Or Brexit.

Or…you get the picture. There are a lot of things that have been missed by very smart people with powerful tools, theories and resources and it’s happening a lot.

This is less about bad foresight as much as it is a lack of insight into the present day and the present moment and the human beings who inhabit it. It might be time to bring psychology into foresight and that begins with understanding how people live their lives day-to-day and what they think, feel, pay attention to, and gravitate to (and away from).

Putting difference in context

To see the unpossible we need to start going deeper into the heart of human life.

While many laud the accomplishments of the maverick, the inspired trailblazer, or the wonders of diversity, the truth is that we are wired more tightly to sameness than difference. (Like it or not). Difference and change are two things we humans don’t have innate attraction to at a macro level, yet it is the hallmark feature of the cosmopolitan, modern (and certainly Western) world. Complexity is about diversity, change, instability, and non-linearity — the very things we humans have trouble with and yet we keep making systems that are ever-more complex making for a paradox of epic proportions.

Take the Syrian refugee crisis as an example of difference in-the-world. Canada is taking in over 35,000 refugees and has a commitment to maintain a slightly reduced level of refugees (from all over the world) for the foreseeable future. This pales in comparison to what other countries such as Lebanon or Turkey have taken in, but shames its larger neighbour to the south.

These new citizens bring new ideas, energy, culture to a country that has more than enough space, plenty of relative wealth and a population who are willing and able to help. Syrians (like so many refugees) have experienced  horrors and more human suffering than anyone should have to endure.

While these new Canadians are contributors, they also require resources to help them settle. For many, it will be some time before they integrate into Canadian life enough that they no longer require government or charitable assistance. In the meantime, this group is hungry to work, to study and to create a life for themselves in their adopted home. The problem comes when there are others already here who also want to work, study and create a life for themselves and can’t do it to the levels they want and who might see the scarce resources being further reduced by these newcomers.

If I am a Canadian without work, how happy should I be that we are committing to providing 35,000+ people who are also looking for work with a place in my country? If I’m waiting for healthcare treatment, how is this going to affect me? How might I feel when I see that these newcomers get food, shelter, community support, job training and programs aimed at supporting them to integrate when I don’t believe I can get anything like that and I’ve been here my whole life? When has the Prime Minister ever come to welcome me to anything?  If I was a refugee from another place just a year or two earlier, why didn’t I get this treatment when I arrived?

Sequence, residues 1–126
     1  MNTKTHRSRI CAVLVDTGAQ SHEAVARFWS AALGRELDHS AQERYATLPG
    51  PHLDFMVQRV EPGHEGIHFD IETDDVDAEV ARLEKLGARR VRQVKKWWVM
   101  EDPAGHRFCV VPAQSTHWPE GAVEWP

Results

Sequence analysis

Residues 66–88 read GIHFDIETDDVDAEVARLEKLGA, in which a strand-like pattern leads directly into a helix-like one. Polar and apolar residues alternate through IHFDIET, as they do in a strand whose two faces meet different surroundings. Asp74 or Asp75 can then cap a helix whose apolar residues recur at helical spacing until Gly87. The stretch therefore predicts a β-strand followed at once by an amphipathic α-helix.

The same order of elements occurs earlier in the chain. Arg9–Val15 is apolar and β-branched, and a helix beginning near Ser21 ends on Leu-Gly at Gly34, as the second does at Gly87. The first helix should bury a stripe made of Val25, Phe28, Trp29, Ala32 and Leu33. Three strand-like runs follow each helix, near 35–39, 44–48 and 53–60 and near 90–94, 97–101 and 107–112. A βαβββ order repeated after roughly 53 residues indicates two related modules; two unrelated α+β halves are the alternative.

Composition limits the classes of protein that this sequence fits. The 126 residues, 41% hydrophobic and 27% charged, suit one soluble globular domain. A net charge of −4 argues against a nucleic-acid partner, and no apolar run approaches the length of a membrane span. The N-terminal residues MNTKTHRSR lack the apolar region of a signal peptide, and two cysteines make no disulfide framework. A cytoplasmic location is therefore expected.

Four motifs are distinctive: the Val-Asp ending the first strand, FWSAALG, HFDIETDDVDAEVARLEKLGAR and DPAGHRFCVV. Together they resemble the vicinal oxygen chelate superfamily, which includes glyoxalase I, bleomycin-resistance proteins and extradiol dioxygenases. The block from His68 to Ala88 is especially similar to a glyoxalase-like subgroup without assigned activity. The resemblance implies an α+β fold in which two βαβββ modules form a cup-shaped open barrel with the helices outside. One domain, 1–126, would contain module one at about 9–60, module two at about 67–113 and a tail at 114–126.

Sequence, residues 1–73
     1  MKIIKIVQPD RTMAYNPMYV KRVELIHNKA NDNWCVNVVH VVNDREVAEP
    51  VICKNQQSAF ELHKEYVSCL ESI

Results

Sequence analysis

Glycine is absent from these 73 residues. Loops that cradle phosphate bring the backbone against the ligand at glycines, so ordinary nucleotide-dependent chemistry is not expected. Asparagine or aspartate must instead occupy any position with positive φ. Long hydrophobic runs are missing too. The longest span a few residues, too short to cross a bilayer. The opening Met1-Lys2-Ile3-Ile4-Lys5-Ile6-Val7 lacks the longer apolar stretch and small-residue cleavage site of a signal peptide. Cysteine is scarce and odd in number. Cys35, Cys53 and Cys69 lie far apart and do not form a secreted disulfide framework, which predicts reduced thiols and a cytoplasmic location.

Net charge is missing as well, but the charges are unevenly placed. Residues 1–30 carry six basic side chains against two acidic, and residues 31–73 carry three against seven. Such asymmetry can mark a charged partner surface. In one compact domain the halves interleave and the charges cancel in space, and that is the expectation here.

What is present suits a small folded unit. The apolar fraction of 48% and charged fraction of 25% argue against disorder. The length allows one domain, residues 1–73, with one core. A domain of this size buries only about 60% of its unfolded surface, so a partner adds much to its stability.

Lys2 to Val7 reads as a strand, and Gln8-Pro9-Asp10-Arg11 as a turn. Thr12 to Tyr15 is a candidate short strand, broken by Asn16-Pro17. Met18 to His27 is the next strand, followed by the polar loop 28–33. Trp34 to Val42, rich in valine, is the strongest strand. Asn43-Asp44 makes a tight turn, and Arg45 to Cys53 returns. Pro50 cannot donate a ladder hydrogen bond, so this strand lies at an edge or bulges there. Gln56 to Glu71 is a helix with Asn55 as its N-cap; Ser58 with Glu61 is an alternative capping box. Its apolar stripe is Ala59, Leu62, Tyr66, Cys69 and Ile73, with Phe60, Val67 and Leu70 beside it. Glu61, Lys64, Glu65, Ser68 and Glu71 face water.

These aren’t just Canadian questions. They are being asked in Germany, Lebanon, Turkey, England, Jordan, Sweden and anywhere there is a perception of scarcity of resources (which is pretty much everywhere).

This is but one example. The humanitarian impulse that many people feel when looking to help those in need is why Canada and so many nations around the world have stepped up and taken in these Syrian ‘strangers’ as their new friends, neighbours and family with open arms. It’s heartwarming and represents some of the better angels of our nature. Yet, this doesn’t make the concerns that someone who is already settled here any less legitimate. This is that part of the equation that is easy to miss or dismiss when we see resistance to change or opposition to these kind of initiatives.

The psychology of difference

For those who identify as a progressive or liberal, opposition to change, diversity and global integration is often labeled as ‘small-minded’ at the least, racist at the worst. Certainly there are elements of that which can reside within what might be considered ‘conservative’ movements, yet it’s unfair to use these labels to describe an entire worldview. Social psychologist Jonathan Haidt recently commented on the pull between globalist and nationalist thinking, pointing to the way worldviews about change and stability help us understand the rise of Donald Trump and other radical candidates. His analysis an application of moral psychology provides what may be the most powerful explanation of why we are seeing the ‘unpossible’ become possible.

As a caricature for illustration, liberals are biased to see positives in change while conservatives are biased toward promotion of stability. When change is constant and stability is comforting, this dichotomy is not easily resolved, if at all.